2016 marks new beginnings for the South African Motor Show with the launch of the SA Festival of Motoring taking place from August 31-September 4 at the Kyalami Grand Prix Circuit and Conference Centre. As well as providing an opportunity to experience the new revamped, iconic South African race circuit, the venue will provide the ideal setting at which to celebrate motoring in South Africa from vintage to classic cars to the latest models. Visitors will be able to experience a test drive in their dream car around the legendary circuit.

The Festival promises to be a crowd pleaser for both car enthusiasts and families looking for an entertaining day out. The event remains South Africa's only official and premier auto show but has expanded its offering to feature attractions including food, fashion, kids' entertainment and celebrity moments. Live music will add to the vibe.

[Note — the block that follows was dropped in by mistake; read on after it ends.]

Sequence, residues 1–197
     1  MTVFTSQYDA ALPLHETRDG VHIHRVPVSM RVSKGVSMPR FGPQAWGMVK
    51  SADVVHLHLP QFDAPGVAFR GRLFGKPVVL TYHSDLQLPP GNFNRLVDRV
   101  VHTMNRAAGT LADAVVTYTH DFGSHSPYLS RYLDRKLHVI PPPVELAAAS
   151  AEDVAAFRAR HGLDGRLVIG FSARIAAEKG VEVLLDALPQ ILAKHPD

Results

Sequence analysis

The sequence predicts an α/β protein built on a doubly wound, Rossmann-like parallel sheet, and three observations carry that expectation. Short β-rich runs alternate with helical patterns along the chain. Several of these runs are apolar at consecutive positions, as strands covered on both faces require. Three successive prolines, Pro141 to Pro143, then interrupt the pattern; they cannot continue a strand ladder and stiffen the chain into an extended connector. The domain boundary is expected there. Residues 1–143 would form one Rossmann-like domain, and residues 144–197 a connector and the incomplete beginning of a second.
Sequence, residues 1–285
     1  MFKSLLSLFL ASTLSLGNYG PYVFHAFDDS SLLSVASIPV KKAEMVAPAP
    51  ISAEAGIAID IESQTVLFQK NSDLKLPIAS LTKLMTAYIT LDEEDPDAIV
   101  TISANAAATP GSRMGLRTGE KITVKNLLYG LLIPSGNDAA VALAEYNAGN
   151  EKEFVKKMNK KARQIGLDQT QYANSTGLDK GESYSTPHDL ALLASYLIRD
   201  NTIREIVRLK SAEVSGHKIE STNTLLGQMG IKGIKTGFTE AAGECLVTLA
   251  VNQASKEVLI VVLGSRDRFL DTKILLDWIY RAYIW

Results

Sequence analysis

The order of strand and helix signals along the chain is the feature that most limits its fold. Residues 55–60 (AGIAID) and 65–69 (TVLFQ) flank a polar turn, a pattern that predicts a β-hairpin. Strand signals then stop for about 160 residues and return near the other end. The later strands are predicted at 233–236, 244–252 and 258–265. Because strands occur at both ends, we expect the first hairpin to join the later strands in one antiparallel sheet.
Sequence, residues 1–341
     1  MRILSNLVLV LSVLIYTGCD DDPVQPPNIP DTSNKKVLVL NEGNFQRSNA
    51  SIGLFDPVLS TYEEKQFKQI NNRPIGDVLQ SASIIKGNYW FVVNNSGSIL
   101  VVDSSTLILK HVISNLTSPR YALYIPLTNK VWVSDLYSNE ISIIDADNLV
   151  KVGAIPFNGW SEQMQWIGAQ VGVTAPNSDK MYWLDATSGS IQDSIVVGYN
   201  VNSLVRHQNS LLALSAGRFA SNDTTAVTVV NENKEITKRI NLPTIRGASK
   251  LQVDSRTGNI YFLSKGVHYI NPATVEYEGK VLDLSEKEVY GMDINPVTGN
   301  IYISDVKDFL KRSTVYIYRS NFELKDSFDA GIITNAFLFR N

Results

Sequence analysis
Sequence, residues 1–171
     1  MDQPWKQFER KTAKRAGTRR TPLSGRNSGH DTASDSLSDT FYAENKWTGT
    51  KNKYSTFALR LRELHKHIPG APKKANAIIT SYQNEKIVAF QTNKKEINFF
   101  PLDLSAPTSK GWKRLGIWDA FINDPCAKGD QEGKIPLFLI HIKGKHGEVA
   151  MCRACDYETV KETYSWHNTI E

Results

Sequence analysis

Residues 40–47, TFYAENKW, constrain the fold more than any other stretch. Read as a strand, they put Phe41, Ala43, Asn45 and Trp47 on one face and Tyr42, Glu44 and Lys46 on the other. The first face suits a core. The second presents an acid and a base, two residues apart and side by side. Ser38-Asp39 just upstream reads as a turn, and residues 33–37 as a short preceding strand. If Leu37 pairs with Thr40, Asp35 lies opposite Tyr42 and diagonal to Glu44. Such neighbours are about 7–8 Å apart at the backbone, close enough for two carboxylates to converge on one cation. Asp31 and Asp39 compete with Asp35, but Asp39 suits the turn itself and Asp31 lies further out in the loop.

As always, new vehicle models will be unveiled together with sneak previews of the upcming introductions to the South African market.


The inaugural Concours South Africa 2016 is being held at Sun City on September 9-11. The estimated 160 entries have been divided into nine categories, and FMM curator Wayne Harley will be one of the celebrity judges alongside SA’s Mr Motor Racing, Sarel van der Merwe, social commentator and journalist David Bullard, and noted Porsche and classic car collector Marius Malherbe. Apart from the concours there will be a Show-n-Shine event on the spectacular Sun City lawns bordering the golf course and the tennis courts. For more information on Concours SA logon to www.concourssa.co.za.  MM


In the September issue of TopCar magazine (already on sale) there is a feature story on FMM’s Mazda Cosmo 110S Sport. In the upcoming September issue of Classic Car Africa magazine there will be an extended feature on FMM’s 1938 Tatra T97 featured in this newsletter.


Aug 28: Ferdi’s Swap Meet, Midrand
Aug 31-Sep 4: SA Festival of Motoring, Kyalami Convention Centre, Midrand

Sep 3: Power Series Round 7, Killarney Raceway
Sep 3: Africa Endurance Series Round 4 & Extreme Festival Round 9, Zwartkops
Sep 3: Wheels at the Vaal, Vanderbijlpark
Sep 4: BMW Car Club Gauteng concours, Nelson Mandela Square, Sandton
Sep 9-11: Concours South Africa, Sun City
Sep 10: Midas Historic Tour Round 5, Phakisa Raceway